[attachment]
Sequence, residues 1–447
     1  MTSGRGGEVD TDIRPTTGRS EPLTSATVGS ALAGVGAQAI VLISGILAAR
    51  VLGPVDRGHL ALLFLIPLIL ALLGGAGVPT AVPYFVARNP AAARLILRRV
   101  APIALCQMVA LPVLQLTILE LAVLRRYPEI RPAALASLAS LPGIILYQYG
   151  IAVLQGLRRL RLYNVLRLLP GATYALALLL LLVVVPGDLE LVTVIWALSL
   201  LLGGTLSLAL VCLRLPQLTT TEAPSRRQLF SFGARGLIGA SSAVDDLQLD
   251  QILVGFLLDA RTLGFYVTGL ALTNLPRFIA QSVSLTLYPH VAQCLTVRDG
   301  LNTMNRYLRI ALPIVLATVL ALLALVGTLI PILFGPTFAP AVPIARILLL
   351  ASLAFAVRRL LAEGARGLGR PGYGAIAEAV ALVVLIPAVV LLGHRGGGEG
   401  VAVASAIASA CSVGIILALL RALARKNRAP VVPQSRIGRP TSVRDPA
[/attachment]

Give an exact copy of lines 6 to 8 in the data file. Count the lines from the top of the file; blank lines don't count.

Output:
   201  LLGGTLSLAL VCLRLPQLTT TEAPSRRQLF SFGARGLIGA SSAVDDLQLD
   251  QILVGFLLDA RTLGFYVTGL ALTNLPRFIA QSVSLTLYPH VAQCLTVRDG
   301  LNTMNRYLRI ALPIVLATVL ALLALVGTLI PILFGPTFAP AVPIARILLL